IN 2018, I attended a service in Leicester Cathedral at which a friend was to be licensed as a Reader. The actual licensing, at which it is made clear that Readers exercise a public ministry, was done in private before the service started. A sermon, which consisted of an impassioned diatribe against the Church of England, was delivered by a lay academic. The climax came as the bishop prayed inaudibly, not only with the new Readers, but with Messy Church leaders and others, while we sang uplifting worship songs.
So, I am not entirely surprised that it is Leicester diocese that is bringing to its synod this weekend a plan to carve the diocese into “minster communities”, with paid and unpaid ministerial positions to be filled by either a lay person or a cleric, sent out from hubs. The plan contains the usual pious genuflections towards the parish, but parishes with priests are undermined.
Leicester diocese regards it as a plus to have lay people in posts previously filled by clergy. In today’s church argot, there is no room for passengers (Comment, 9 July). The laity must be “released” for church-based mission and ministry.
Yet the Church of England remains the Church of the English people and understands itself as part of the Church Catholic. Adherence to the threefold order of ordained ministry is part of the deal. Historically, lay influence has been led by the Sovereign and expressed through Parliament and the exercise of patronage. In parishes, the churchwardens embody lay governance at local level. The true work of the laity is to witness to Christ in the world: “Let your light so shine before men. . .”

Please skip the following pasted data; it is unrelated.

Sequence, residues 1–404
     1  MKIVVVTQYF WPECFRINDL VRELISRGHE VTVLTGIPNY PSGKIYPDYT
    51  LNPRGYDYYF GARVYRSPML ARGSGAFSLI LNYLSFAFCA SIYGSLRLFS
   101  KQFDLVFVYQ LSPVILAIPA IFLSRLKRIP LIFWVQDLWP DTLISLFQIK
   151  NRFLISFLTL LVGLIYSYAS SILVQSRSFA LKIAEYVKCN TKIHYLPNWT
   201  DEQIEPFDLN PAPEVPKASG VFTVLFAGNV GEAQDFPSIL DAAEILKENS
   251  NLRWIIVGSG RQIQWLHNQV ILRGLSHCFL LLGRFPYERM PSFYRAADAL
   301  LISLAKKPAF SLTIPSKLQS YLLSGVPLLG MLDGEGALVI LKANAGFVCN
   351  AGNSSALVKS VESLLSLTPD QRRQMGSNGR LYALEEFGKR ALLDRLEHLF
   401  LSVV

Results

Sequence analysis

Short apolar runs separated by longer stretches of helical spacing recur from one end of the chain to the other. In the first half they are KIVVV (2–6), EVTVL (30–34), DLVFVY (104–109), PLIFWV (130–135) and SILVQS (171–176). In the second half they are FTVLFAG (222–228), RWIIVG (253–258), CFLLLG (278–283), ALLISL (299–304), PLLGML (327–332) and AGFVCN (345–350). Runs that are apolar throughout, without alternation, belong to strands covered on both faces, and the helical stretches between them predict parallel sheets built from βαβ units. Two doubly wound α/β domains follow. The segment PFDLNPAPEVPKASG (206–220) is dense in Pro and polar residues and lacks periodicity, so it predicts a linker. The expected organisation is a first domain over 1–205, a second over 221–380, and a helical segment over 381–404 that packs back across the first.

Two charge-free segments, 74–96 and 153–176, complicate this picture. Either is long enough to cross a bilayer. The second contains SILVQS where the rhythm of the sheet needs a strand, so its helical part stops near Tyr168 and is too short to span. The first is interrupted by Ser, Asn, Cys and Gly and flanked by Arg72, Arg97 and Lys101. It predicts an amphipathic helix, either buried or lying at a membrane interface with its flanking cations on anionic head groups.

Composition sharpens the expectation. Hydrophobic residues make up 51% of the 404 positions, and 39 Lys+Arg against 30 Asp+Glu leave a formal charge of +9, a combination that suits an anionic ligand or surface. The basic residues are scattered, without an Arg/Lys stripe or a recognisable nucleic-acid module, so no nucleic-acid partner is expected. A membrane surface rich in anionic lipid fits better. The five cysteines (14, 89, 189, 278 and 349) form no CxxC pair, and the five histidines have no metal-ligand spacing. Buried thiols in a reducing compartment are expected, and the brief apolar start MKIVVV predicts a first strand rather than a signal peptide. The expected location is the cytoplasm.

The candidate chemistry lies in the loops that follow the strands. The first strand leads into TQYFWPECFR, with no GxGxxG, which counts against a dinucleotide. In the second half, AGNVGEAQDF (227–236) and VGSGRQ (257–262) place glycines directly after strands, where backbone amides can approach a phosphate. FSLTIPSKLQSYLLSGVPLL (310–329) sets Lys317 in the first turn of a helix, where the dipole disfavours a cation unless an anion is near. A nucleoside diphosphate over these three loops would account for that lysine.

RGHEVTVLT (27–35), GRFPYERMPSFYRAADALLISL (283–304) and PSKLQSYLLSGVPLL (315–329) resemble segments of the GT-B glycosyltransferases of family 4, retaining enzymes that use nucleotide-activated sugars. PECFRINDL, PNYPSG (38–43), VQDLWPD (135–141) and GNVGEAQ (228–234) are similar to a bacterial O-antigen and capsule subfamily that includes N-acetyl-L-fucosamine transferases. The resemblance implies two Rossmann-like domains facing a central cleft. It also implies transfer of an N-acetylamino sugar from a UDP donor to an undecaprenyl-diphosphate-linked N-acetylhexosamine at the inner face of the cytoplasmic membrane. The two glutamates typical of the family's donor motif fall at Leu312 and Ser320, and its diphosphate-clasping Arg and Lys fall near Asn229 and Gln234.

The distinction between ordained and lay is important not only for the catholicity of the Church, but also for the integrity of the laity. Before ordination, I was a Reader for ten years, and I relished the freedom of that ministry, accepting its limitations. I expected priests to be selected and trained to criteria beyond enthusiasm, Bible knowledge, and faith. The Leicester plan reveals either sheer ignorance of C of E polity or an attempt to overthrow it, because “every-member ministry” boils down to congregationalism under episcopal management.
I have known some ardent congregationalists from various denominations, many of them outstanding Christians. But I have been struck by how much time they spend on church matters and how narrow their social circles can become. After all, their historic roots are in Christian separatism.
For all the talk of “releasing the laity” for mission, I fear that the recruitment of laity to clergy positions will drive the Church inward. All evidence shows that growth depends on more priests living among those whom they serve. Leicester, sadly, is pointing the way to an even more profound alienation from the English people than we have managed to achieve already.